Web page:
FDA Approves Auvi-Q Voice Activated Epinephrine Injector
Injectable epinephrine can save lives, but unfortunately, too many people who need the shot in the case of an emergency do not receive it because they – or those around them – are not sure how to use the device. Sanofi US has introduced a new injector which is the first-ever such device that is equipped with audio and visual tools meant to guide patients and their caregivers through the process. Auvi-Q has now been approved by the FDA, announced the company today in a press release.
When a severe, life-threatening allergic reaction occurs, epinephrine should be administered immediately and patients should seek immediate medical attention. Unfortunately, a study by the National Institutes of Health finds that in up to as many as 70% of cases, an epinephrine injection was not given. One of the most commonly given reasons for not providing the treatment included fear or anxiety by the parent or caregiver to administer the required dose.
Auvi-Q is available in two different dosages of epinephrine – 0.3 mg for patients who weigh 66 pounds or more and 0.15 for those between 33 and 66 pounds. The drug has not been studied in patients weighing less than 33 pounds. The epinephrine included in Auvi-Q is bioequivalent to the more commonly recognized product – EpiPen (Dey Pharma LP). Each pack contains two devices with active drug and plus a non-active training device.
During a life-threatening allergic reaction, Auvi-Q talks the user through each step of the injection process. If the person needs more time, it repeats the step-by-step instructions. The device also comes with written instructions printed on the side. In addition, there are audible and visual cues, including a five-second injection countdown and an alert light to signal when the injection is complete.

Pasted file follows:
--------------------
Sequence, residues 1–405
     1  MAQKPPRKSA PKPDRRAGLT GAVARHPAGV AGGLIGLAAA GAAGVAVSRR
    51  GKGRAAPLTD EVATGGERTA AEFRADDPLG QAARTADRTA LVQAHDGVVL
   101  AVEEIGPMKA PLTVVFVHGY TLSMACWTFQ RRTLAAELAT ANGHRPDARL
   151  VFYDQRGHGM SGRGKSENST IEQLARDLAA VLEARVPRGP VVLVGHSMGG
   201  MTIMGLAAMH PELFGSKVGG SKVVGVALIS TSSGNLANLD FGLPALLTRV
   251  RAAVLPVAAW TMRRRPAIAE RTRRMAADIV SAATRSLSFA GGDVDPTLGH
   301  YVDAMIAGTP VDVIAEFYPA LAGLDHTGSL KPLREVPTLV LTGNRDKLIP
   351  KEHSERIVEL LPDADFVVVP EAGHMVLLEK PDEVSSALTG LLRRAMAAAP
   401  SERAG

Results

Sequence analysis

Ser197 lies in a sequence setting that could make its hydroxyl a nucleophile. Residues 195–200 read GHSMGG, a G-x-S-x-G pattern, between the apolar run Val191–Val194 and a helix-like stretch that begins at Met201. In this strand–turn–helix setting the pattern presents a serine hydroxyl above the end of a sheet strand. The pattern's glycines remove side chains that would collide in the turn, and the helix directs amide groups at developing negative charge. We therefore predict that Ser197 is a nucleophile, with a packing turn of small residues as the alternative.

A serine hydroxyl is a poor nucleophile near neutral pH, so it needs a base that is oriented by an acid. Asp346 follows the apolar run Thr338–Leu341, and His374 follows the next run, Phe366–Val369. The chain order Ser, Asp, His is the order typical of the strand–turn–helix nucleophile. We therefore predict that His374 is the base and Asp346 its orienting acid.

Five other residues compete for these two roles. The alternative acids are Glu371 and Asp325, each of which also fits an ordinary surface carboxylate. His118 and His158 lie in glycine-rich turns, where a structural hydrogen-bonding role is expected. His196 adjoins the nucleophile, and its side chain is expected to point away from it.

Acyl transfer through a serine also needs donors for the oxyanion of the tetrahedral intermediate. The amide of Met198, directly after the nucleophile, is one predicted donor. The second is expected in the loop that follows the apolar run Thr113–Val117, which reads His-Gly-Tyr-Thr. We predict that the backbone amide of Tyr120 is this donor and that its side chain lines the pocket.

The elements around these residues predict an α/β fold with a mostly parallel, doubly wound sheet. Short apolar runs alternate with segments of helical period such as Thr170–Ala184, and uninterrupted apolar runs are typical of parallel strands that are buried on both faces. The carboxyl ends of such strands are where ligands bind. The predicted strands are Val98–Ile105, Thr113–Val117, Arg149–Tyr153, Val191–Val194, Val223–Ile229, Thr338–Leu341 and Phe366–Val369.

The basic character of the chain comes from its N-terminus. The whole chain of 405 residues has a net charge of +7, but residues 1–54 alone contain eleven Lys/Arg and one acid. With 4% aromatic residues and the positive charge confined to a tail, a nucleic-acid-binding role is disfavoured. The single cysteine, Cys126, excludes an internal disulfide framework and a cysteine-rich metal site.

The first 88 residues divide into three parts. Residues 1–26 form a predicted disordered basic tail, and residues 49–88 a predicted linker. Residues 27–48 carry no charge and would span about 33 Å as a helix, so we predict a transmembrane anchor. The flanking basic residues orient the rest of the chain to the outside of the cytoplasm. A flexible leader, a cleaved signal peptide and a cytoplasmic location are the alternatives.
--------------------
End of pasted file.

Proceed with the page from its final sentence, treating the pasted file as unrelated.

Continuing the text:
Auvi-Q is about the size and shape of a credit card, the thickness of a cell phone and fits comfortably in a pocket or small purse. The device has an automatic retractable needle mechanism to prevent accidental needle sticks. Being compact and easy to carry should remove one obstacle that could be a reason why as many as two-thirds of patients do not carry their epinephrine injector device.
The Centers for Disease Control and Prevention note that food allergies among children are on the rise with almost 18% of kids having at least one. Food allergies are the most commonly-identified trigger and accounts for 30% of all anaphylaxis fatalities. Other reaction triggers include insect bites and medications.
Another problem with failure to give epinephrine during an emergency is failure to recognize the symptoms of anaphylaxis. The symptoms do vary from person to person and from one episode to the next. The most common signs include hives/itching, facial or tongue swelling which causes difficulty to breath or swallow and nausea and vomiting. These symptoms begin within seconds, minutes, or hours after exposure to the allergen. Without treatment, anaphylaxis can result in death.
“As a company committed to patient-centered care, our focus is on creating innovative solutions that make a difference in the lives of people,” said Anne Whitaker, President, North America Pharmaceuticals, Sanofi. “Auvi-Q delivers on this by offering a state-of-the-art epinephrine auto-injector device that addresses the needs of patients at risk for life-threatening allergic reactions and their caregivers.”